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Black Bears in the Great Smoky Mountains

It was in the 1930s that the Great Smoky Mountain National Park was finally and fully authorized. It came about because of the hard work and diligence of several well-known people. It is one of the largest protected land areas in the continental united states, covering over 520,976 acres! The park was an immediate success, setting the record for one year visitation in 1941 with over one million visitors. It is still one of the most popular parks to this day. Tourism has continued to grow, and people come for many reasons: to see the tall, beautiful trees, the thousands of lovely plants, and the variety of animals that make this park their home.


One of the original people to advocate for the park was W.P. Davis, who came from Knoxville, Tennessee. It all began with a tour that he and his wife made of the western national parks. The story tells of a woman who was curious why there wasn’t a national park in the Great Smoky Mountains considering the beautiful scenery and the wonderful animals that made their home there. Black Bear


Black bears are amongst the most popular animals in East Tennessee: they are considered a local treasure in the area. Most of them find their homes in the Cherokee National Forest, and the Great Smoky Mountain National Park. Because of the growth of the park, the population of black bears has steadily grown throughout the years.


Their roaming grounds once included most of North America, but due to the growing human population, and the economic changes the country underwent, the bears habitats have shrunk, and these bears have had a more difficult time finding food and water and places to sleep and hibernate.


Once these vital habitats are lost, it is unavoidable that bears and humans alike should suffer. Now the bears have begun wandering out of the park into communities. They may come across human food, and become erratic and dangerous. It doesn’t seem to matter how many times people are warned to leave the black bears alone: they still try to bother and feed these treasured animals. This encourages the bears to get into things they shouldn’t, such as pilfered food and trash. Unfortunately, most people don’t seem to realize the damage they are causing to these beautiful creatures. A black bear’s natural lifespan is anywhere from twelve to fifteen years. Bears that have been ‘touched’ by humans, however, have a shortened lifespan of only six to seven years.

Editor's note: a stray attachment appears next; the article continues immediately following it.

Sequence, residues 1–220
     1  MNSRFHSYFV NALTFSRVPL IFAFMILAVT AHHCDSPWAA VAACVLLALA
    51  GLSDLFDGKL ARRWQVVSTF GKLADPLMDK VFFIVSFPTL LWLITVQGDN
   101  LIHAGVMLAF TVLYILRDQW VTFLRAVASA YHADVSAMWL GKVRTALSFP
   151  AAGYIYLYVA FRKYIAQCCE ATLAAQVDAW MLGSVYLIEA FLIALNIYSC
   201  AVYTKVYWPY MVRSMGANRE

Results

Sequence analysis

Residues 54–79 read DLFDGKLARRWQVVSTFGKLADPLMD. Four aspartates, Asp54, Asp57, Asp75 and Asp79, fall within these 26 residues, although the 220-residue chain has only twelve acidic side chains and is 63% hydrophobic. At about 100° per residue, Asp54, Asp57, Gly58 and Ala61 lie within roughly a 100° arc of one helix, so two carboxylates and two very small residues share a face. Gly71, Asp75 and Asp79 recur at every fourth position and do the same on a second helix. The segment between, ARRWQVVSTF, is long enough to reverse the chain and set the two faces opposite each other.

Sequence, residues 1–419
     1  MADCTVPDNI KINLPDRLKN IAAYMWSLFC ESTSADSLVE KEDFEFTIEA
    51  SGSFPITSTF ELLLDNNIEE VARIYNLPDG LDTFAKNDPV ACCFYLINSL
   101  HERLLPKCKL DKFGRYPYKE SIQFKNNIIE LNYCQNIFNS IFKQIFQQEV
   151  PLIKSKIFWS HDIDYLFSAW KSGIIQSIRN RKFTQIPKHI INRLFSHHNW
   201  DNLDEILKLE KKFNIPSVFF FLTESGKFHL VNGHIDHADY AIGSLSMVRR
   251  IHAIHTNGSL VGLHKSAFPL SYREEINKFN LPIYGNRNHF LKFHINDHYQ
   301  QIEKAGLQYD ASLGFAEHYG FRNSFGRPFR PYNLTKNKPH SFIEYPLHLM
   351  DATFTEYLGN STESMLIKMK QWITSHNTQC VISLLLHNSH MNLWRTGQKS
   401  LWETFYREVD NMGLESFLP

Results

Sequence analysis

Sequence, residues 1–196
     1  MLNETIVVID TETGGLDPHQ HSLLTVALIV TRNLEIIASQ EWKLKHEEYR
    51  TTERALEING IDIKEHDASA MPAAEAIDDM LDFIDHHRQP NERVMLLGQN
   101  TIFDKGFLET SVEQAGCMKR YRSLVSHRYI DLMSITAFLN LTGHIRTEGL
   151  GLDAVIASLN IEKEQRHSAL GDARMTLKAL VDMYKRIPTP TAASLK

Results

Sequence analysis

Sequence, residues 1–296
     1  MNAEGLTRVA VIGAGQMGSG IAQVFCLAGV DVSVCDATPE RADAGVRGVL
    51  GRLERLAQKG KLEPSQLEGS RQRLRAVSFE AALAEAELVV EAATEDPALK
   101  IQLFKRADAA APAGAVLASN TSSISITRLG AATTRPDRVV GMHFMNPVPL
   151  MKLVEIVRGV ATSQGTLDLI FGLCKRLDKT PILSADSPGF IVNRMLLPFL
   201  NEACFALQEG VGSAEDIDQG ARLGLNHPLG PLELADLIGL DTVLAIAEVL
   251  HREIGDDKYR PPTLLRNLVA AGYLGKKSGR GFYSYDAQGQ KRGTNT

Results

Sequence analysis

This is one of the reasons that we have our national parks and forests: to protect bear sanctuaries. There are strict laws that must be observed: you are not allowed to kill adult female bears. There are wildlife agencies set up that protect the bear population.


Almost all bears in East Tennessee are black in color, which is where they get their name from. However, in other parts of the country, they can have a reddish-brown color. Males can weight up to five hundred pounds! Females are usually smaller and weigh less: somewhere between one hundred and two hundred pounds. They can be up to six feet from end to end, and three from the ground to their shoulder.


Bears are similar to people in their eating habits. They enjoy eating plants and animals but a majority of their diet is made up of nuts and berries. They get protein from insects and animals they find that are already dead. Unlike many animals, they see in color. They enjoy swimming, climbing trees, and they have an uncanny sense of smell.


Most bears can be seen out foraging for food in the mornings or evenings in the spring and summer months. They also mate during the summer months. Bears are not monogamous creatures: both males and females are known to take multiple partners during mating season. They will find a den when cooler weather begins to start. This is usually a hollow tree stump or anywhere else they can find shelter. Mother bears give birth in January. They can have up to four babies. These small black bears weigh only about eight ounces when they are born. Baby cubs will stay with their mothers until they are eighteen months old.


In Gatlinburg, Tennessee there is a wildlife encounter where you can see many animals. This includes the playful river otters who enjoy playing under water. There are beautiful bobcats as well, and birds of prey that are in an enclosed aviary. There are other native species that will eventually find their home here as well including foxes, raccoons, skunks, flying squirrels, and turtles and snakes.


One of the real reasons that people visit the wildlife encounter in Ober Gatlinburg is the black bear family that inhabits it. There is a two generational family that lives there, including Minnie and BJ, and their grown children, Holly and Chief.


During the winter months, bears will tend to hibernate and you won’t be able to see them when visiting. So make sure when you visit in the summer to make this wildlife encounter a priority.


When you enter the woods in East Tennessee during the summer months, it is definitely expected to see the black bears in the area. Even if you don’t see them, rest assured that they are there. It is very important to make sure you know the proper way to handle a bear encounter. You can do most of this research online, but there are also park rangers and other employees who can give you information on the proper way to handle one of these encounters. They want to make sure that both you and the bears remain safe.





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